The Policy Fights Where DeSantis Sees His Chance to Hit Trump

The Policy Fights Where DeSantis Sees His Chance to Hit Trump

After dodging questions about Ukraine, Mr. DeSantis told former Fox News host Tucker Carlson that defending Ukraine against Russia was not a vital US interest and dismissed the war as a “territorial dispute.” Wracked by criticism, Mr. DeSantis backed away from the “territorial dispute” line and in a subsequent interview labeled Mr. Putin a “war criminal.” Mr Trump refused to do the same when asked to do so on CNN.

While both Mr. Trump and Mr. DeSantis despise international institutions like the United Nations, the former president poses a greater threat to the post-World War II international security framework.

Mr Trump’s former national security adviser, John R Bolton, feared his boss would withdraw the United States from NATO and was convinced he would do so if re-elected to a second term. Now, Mr. Trump is confirming these fears on his campaign website, promising to “complete the process of fundamental reassessment of NATO purpose and mission begun under my administration.”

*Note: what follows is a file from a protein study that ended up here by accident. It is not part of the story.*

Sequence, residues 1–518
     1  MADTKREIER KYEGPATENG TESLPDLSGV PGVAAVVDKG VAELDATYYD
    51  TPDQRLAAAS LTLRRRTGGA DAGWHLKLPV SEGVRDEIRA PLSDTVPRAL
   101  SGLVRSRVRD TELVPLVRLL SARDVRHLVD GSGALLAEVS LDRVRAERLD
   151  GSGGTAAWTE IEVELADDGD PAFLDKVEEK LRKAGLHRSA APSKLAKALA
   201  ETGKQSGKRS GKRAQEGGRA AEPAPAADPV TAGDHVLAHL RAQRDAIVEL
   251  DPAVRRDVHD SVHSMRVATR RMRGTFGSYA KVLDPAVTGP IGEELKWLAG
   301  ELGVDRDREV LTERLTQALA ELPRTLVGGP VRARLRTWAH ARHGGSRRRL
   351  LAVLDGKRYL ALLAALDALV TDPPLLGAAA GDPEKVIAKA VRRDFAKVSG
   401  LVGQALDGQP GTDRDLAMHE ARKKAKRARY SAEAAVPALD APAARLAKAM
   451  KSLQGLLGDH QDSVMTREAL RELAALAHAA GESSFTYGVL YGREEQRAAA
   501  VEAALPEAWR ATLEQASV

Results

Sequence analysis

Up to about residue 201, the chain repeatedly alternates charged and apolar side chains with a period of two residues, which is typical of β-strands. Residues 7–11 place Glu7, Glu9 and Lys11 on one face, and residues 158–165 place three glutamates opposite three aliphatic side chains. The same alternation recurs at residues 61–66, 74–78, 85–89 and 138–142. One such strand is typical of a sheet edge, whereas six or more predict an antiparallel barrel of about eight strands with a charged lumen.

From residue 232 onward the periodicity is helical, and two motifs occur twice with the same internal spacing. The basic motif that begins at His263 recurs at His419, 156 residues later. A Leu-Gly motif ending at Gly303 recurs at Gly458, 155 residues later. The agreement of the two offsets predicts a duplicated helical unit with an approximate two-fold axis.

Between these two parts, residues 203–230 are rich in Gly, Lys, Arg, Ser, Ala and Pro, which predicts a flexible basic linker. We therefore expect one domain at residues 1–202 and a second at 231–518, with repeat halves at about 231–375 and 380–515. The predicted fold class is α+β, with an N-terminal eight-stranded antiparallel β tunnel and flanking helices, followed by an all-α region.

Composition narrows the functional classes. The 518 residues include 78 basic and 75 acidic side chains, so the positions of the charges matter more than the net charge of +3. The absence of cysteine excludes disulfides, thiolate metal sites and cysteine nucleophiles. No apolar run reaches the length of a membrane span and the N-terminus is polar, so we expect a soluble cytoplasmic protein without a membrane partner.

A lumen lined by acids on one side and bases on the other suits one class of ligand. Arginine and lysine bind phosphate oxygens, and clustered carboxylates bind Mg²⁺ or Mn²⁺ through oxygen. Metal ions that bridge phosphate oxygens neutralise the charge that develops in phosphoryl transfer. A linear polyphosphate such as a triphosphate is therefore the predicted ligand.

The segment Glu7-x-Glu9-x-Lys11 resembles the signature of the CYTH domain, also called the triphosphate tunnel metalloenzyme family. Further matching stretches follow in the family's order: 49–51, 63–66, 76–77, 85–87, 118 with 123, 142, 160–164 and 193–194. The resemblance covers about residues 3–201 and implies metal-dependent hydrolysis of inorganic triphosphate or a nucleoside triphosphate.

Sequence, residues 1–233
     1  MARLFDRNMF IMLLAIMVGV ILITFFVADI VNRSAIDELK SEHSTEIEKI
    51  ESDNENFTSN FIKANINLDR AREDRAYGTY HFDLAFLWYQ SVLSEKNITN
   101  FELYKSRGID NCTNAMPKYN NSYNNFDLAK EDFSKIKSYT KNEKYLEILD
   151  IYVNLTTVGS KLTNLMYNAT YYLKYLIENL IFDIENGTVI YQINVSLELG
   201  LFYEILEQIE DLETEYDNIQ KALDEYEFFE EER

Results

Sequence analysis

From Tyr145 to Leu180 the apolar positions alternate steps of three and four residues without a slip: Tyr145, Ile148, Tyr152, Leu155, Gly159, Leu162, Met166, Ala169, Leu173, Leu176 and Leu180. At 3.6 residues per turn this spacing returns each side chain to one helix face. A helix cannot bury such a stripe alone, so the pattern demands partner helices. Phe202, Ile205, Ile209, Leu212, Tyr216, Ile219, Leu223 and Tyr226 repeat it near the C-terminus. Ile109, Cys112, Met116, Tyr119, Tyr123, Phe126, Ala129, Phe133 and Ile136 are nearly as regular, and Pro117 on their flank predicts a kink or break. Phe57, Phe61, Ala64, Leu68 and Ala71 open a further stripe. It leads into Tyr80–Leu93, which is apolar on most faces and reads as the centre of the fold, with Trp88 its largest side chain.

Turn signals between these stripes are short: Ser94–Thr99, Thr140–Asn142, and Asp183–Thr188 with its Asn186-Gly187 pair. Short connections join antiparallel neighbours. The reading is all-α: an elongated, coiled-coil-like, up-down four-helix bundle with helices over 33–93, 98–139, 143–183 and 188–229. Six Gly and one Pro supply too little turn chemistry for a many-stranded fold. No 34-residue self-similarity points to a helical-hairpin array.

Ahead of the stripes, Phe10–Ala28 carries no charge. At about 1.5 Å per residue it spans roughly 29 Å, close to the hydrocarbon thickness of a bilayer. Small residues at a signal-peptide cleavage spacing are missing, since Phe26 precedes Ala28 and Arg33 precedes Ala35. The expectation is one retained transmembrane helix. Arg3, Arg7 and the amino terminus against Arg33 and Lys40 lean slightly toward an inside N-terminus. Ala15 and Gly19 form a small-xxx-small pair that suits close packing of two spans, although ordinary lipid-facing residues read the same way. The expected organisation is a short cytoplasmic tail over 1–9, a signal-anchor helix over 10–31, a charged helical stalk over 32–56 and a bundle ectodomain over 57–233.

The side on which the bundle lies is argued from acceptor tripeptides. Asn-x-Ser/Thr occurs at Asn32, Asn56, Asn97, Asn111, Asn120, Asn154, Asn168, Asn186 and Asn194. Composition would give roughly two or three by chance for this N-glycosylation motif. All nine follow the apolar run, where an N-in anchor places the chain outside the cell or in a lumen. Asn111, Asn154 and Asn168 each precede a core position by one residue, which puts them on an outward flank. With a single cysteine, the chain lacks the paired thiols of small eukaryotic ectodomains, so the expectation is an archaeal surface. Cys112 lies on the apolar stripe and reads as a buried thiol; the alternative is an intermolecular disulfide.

In pre-Trump Republican nomination contests, the front runners tended to squabble over who was more fiscally conservative — who would abolish more federal agencies and who would be more willing to shrink the federal government “to the size that I can drag it in “. bathroom and drown it in the bathtub,” as anti-tax activist Grover Norquist put it.

But Mr Trump has reshaped the Republican primary into a battle over who will be the most protectionist on trade and who will be the most faithful to upholding government benefits for the elderly. Mr DeSantis, who rose to politics as a Tea Party fiscal conservative, has so far shown little interest in outdoing the former president on government spending and trade, and appears hopeful he will refocus the party’s talks on fiscal discipline can.

Mr. Trump and his super PAC have criticized Mr. DeSantis’ congressional votes to cut Social Security and Medicare spending. Mr DeSantis has said he will not “mess” with Social Security for seniors who currently rely on the program, but unlike Mr Trump, he has not ruled out cutting Social Security spending in ways that will affect younger ones would impact Americans when they retire.

Mr Trump has launched attacks against Mr DeSantis over his previous efforts to scrap the renewable fuel standard, which requires blending ethanol into the country’s fuel supply. Financial conservatives see this as a “major government transgression,” but Mr. Trump knows how important ethanol is to Iowa’s economy.